Thursday, December 18, 2008

Your sins . . . made public?!

A Florida church is catching flack for their elders' decision to publicly announce to the congregation that one of their members is having pre-marital sex with her boyfriend. The 49-year-old woman, who is divorced from her husband, was told by Grace Community Church to stop sleeping with her new beau. She refused. Under pressure from Grace Community Church, she decided to withdraw her membership and is now attending elsewhere.

On January 4th the church leadership plans, in accordance with their understanding of scripture, to "tell it to the church." The scripture the church references is Matthew 18:15-17:
If your brother sins against you, go and show him his fault, just between the two of you. If he listens to you, you have won your brother over. But if he will not listen, take one or two others along, so that 'every matter may be established by the testimony of two or three witnesses.' If he refuses to listen to them, tell it to the church; and if he refuses to listen even to the church, treat him as you would a pagan or a tax collector.
Church discipline is a sticky wicket. (Check out this Wall Street Journal article on the subject.) The fact of the matter is, there are plenty of Frankly Speaking readers that are considerably smarter than this author. So here are a couple of questions for which I would love to read your answers:

Is this a correct application of Matthew 18?

Jesus said, "If your brother sins against you . . ." How does that apply in this instance?

Finally, how does Galatians 6:1, "Brothers, if someone is caught in a sin, you who are spiritual should restore him gently. But watch yourself, or you also may be tempted." fit into all of this?


Anonymous said...


Is there any irony in this in that the churchs name is Grace Community?


Anonymous said...

I think the keep part of that Matthew passage is the "sins against you" part. If I strike you or slander you, and you want to take me to task about it, then that is your choice. That lady is not sinning against the Elders of the church. Her sin is with God. If God wants to take her to task, He will.

Also, the "Let him without sin cast the first stone" saying seems to apply here also. NONE of us are sinless and we will all stand before God one day and account for our sins.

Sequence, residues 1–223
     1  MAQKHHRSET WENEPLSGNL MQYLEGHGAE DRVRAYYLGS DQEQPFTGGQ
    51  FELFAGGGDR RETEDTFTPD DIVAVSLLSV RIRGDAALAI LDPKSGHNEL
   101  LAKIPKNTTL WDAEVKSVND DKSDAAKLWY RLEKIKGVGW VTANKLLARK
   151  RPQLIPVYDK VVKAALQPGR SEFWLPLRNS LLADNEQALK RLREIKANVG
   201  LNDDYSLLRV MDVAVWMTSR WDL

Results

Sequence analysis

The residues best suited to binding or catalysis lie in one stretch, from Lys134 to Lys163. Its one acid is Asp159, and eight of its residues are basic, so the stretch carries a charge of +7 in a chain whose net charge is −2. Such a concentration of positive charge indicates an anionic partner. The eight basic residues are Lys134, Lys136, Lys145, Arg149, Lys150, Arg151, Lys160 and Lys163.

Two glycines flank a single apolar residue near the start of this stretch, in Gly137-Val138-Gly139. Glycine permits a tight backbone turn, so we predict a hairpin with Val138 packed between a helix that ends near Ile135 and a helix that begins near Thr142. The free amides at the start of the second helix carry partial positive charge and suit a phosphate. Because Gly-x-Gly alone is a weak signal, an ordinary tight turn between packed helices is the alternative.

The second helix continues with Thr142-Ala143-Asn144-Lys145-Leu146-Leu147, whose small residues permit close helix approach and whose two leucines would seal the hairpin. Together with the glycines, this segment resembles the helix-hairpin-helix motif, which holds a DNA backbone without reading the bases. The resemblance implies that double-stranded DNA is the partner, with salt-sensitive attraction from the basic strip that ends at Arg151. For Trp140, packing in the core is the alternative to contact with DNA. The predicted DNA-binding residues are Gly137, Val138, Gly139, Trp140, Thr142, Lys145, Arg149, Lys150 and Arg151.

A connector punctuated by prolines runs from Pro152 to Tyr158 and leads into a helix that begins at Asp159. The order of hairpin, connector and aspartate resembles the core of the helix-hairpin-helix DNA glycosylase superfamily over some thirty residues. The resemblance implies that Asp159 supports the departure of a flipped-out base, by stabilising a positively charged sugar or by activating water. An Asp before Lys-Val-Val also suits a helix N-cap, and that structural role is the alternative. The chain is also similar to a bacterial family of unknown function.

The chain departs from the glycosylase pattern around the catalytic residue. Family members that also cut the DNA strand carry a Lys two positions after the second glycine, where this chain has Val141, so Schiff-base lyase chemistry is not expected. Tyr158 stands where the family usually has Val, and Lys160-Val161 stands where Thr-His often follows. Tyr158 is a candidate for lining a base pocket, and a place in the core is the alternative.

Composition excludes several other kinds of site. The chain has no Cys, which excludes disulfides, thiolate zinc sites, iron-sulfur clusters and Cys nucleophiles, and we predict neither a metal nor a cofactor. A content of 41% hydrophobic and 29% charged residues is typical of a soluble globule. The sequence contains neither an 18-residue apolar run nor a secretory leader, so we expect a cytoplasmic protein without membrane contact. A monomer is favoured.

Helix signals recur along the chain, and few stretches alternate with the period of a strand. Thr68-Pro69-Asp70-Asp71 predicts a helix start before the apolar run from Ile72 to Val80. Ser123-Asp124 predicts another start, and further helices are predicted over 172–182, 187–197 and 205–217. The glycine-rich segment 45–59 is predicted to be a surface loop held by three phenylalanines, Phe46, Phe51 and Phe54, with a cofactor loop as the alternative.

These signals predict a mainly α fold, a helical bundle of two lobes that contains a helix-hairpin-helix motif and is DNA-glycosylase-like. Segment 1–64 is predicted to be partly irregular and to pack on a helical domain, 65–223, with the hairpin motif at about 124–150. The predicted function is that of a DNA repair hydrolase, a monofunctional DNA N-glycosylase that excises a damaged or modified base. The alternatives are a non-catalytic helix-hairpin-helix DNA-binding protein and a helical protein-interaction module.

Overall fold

It is a tough question though. I'm also sure we do not know all the details. Maybe this lady is a very active and prominent member or spiritual leader in the church. I am sure she is not the only person commiting Adultery in that church. Are the Elders going to expose every sinner in their church? And every sin? Why don't they just require every member of the church to come up front and publically confess their sins?

Starting with the Elders.

Bill Wagner

Anonymous said...


The story on can be read at this address:,2933,469928,00.html


Anonymous said...

My understanding of the passage is that the steps outlined are used to bring the person back into a right standing with God and with His church. I do not know if the first two steps were followed.

Did the first person to become aware of the sin confront her as one brother or sister to another? If so, and she did not repent, did this person take one or two others? I would say that going to the elders, as someone apparently did, falls into the "tell the church" category.

Also, if she has already been pressured and left, they have gone right to treating her like a tax collector. At this point, telling everyone does not serve the purpose intended- to bring the church around a sister to help her restore a right relationship with God through repentance.

At least, that's how I see it.

-Andrew B.

James Pahl said...

...because that's what Jesus is all about.

You can only hope God will compel them (The Church) to attempt to make this right, if that's even possible at this point.

God's love and grace exhibited through his people is what helps to spark the change inside a person. Not this.

Anonymous said...

I guess I’d start by stating the irony of a news article that reports the FUTURE public disclosure of this woman’s sin. Ah, no need for a chat with the church now, is there?

Regarding the application of Matthew 18 – specifically v. 15 “if your brother sins against you . . .”

My lightning fast research (i.e., NASB text notes) shows that some of the earlier manuscripts do not have “against you” in them. This takes the emphasis off of the one who was “offended” and keeps it on the actual sin itself.

This seems to line up with the preceding text as well, where Jesus implies that God takes sin very seriously (if your hand/foot causes you to sin, cut it off and throw it out). If God does, then we ought to as well. So, regardless of who this woman sinned against, she was still walking in sin.

Knowing the damage that unconfessed and unrepentant sin will bring about in the life of a believer, it seems as though one of the highest forms of love we can display towards one another is to “go and show [that person] his/her fault.” This fits in well with the story of the lost sheep that Jesus told immediately before the ‘church discipline’ text. God takes sin very seriously, but he also takes restoration very seriously.

The difficulty in carrying out ‘Matthew 18’ is hit upon in the Galatians passage you bring up (6:1). I could be wrong, but I believe that the temptation which Paul is talking about is that of pride. And that’s the million dollar question. Can I confront the sin of another Christian out of brotherly love and a true desire to see him restored without falling, myself, to the temptation of pride?

What other motives might this church (or leadership) have in this one case?

How might pride factor into their decision to disclose this one particular woman, while more-than-likely disregard other people who are walking in various kinds of sin?

Good discussion.